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Globe Editorial

Brotherly love and denial

August 25, 2011

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ALAN KHAZEI is a Harvard-trained lawyer and pioneer in the world of nonprofits, having co-founded the widely respected City Year. That means he should have known that paying his brother $40,000 to execute media strategy, write, and set up the Los Angeles office of his latest nonprofit, the Cambridge-based Be the Change, would smell like an inside deal.

In late July, Khazei stepped down as chief executive at Be the Change, an activist group that promotes civic engagement, to run full-time for Senate. It’s his second run for the job, having finished behind Attorney General Martha Coakley and Representative Mike Capuano in the Democratic primary to fill the spot vacated by Senator Edward Kennedy in 2009.

Over the three years he headed Be the Change, he paid his brother Lance, a Hollywood writer, $50 per hour to work intermittently for the nonprofit in California. He didn’t consult the organization’s board when arranging the contract, despite a conflict-of-interest policy that states that officials should do so if they stand to benefit financially “through business, investment, or family.’’ Be the Change said Khazei didn’t violate the policy, because he didn’t personally benefit from his brother’s hiring.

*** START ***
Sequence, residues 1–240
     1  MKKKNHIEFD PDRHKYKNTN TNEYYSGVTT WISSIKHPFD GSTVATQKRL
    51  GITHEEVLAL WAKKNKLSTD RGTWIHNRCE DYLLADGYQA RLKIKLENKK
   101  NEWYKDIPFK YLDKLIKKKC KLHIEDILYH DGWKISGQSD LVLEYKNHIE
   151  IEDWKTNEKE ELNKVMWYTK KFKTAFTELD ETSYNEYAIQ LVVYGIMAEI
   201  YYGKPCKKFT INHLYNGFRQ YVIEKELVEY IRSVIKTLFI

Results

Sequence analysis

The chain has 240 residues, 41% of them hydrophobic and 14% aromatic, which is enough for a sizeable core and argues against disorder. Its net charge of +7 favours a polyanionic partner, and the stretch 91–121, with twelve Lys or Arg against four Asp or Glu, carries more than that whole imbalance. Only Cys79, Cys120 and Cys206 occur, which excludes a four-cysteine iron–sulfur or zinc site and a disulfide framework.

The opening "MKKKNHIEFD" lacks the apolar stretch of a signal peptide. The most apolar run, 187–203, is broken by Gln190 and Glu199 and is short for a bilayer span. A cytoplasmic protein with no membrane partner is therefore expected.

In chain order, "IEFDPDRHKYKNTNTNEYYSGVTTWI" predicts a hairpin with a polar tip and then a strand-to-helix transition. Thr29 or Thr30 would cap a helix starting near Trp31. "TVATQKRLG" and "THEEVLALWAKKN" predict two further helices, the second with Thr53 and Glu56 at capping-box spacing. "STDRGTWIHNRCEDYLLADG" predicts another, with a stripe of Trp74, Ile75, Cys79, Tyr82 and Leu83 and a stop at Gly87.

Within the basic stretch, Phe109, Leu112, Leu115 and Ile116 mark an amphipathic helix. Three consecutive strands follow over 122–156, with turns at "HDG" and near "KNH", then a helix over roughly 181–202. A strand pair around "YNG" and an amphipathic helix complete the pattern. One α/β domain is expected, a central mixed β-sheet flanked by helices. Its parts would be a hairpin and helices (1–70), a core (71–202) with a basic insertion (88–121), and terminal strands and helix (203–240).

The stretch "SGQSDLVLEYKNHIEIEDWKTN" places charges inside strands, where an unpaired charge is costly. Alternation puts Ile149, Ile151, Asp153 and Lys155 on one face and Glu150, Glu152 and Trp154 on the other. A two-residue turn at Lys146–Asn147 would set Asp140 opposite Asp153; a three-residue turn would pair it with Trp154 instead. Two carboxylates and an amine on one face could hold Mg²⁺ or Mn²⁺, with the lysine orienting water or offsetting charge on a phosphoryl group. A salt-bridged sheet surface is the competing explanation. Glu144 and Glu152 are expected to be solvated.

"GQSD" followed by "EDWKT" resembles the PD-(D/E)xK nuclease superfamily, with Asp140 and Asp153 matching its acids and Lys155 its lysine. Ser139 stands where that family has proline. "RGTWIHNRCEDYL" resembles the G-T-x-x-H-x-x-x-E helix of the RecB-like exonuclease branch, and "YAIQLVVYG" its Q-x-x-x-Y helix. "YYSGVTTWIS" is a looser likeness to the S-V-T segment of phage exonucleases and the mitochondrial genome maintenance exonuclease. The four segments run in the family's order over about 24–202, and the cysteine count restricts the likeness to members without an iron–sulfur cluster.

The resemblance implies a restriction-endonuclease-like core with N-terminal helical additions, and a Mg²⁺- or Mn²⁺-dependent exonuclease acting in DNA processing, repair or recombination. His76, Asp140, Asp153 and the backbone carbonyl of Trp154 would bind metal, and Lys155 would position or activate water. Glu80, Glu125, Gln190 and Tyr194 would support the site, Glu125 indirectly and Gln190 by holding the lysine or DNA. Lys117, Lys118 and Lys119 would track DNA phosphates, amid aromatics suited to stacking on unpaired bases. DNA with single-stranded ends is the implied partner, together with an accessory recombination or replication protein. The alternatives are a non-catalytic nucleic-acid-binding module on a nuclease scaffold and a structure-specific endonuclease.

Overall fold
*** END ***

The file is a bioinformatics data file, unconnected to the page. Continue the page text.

Khazei explained to the Globe that he sought his brother’s help because the two “are very close’’ and Lance is “very talented.’’ So are a lot of other writers, though, and choosing Lance over them should have set off some alarms in Khazei’s mind. His failure to consult the board was a misjudgment which he rightly acknowledged. But the rest of his response - choosing to emphasize family closeness and faith in his own integrity - suggests a blindness to political appearances that’s unusual for a Senate candidate.

In politics and in the nonprofit world, appearances matter. The best response after making a mistake is to acknowledge it, apologize, and move on. That’s not what Khazei did. “It was such a small amount, $50 an hour, $2,500 a month,’’ Khazei told a Globe reporter. In fact, the amount wasn’t so small, and he should have acknowledged his lapse in judgment earlier and more forcefully.